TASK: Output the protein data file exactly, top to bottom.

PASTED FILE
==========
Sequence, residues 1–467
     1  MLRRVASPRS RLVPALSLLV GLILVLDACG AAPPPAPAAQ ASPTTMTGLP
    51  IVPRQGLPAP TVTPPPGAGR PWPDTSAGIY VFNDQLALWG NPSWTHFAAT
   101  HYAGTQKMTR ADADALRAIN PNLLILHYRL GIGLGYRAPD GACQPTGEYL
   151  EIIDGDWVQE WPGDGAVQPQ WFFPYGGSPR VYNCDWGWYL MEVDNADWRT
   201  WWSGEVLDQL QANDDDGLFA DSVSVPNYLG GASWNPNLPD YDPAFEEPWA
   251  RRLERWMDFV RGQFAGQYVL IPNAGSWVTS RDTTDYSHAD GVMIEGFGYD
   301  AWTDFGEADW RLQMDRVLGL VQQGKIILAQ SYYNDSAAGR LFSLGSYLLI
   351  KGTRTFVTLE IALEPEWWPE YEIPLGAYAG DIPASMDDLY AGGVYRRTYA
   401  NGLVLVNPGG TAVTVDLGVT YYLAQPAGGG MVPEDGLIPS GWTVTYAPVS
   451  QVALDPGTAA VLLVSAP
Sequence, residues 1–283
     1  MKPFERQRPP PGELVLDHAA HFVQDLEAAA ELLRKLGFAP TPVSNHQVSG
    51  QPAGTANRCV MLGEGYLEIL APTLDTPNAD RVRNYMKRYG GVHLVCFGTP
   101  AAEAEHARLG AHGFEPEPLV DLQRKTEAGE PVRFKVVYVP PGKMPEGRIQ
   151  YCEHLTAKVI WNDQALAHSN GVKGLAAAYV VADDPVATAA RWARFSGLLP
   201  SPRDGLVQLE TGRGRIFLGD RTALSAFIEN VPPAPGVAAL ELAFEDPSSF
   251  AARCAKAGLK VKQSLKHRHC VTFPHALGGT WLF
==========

Sequence, residues 1–467
     1  MLRRVASPRS RLVPALSLLV GLILVLDACG AAPPPAPAAQ ASPTTMTGLP
    51  IVPRQGLPAP TVTPPPGAGR PWPDTSAGIY VFNDQLALWG NPSWTHFAAT
   101  HYAGTQKMTR ADADALRAIN PNLLILHYRL GIGLGYRAPD GACQPTGEYL
   151  EIIDGDWVQE WPGDGAVQPQ WFFPYGGSPR VYNCDWGWYL MEVDNADWRT
   201  WWSGEVLDQL QANDDDGLFA DSVSVPNYLG GASWNPNLPD YDPAFEEPWA
   251  RRLERWMDFV RGQFAGQYVL IPNAGSWVTS RDTTDYSHAD GVMIEGFGYD
   301  AWTDFGEADW RLQMDRVLGL VQQGKIILAQ SYYNDSAAGR LFSLGSYLLI
   351  KGTRTFVTLE IALEPEWWPE YEIPLGAYAG DIPASMDDLY AGGVYRRTYA
   401  NGLVLVNPGG TAVTVDLGVT YYLAQPAGGG MVPEDGLIPS GWTVTYAPVS
   451  QVALDPGTAA VLLVSAP
Sequence, residues 1–283
     1  MKPFERQRPP PGELVLDHAA HFVQDLEAAA ELLRKLGFAP TPVSNHQVSG
    51  QPAGTANRCV MLGEGYLEIL APTLDTPNAD RVRNYMKRYG GVHLVCFGTP
   101  AAEAEHARLG AHGFEPEPLV DLQRKTEAGE PVRFKVVYVP PGKMPEGRIQ
   151  YCEHLTAKVI WNDQALAHSN GVKGLAAAYV VADDPVATAA RWARFSGLLP
   201  SPRDGLVQLE TGRGRIFLGD RTALSAFIEN VPPAPGVAAL ELAFEDPSSF
   251  AARCAKAGLK VKQSLKHRHC VTFPHALGGT WLF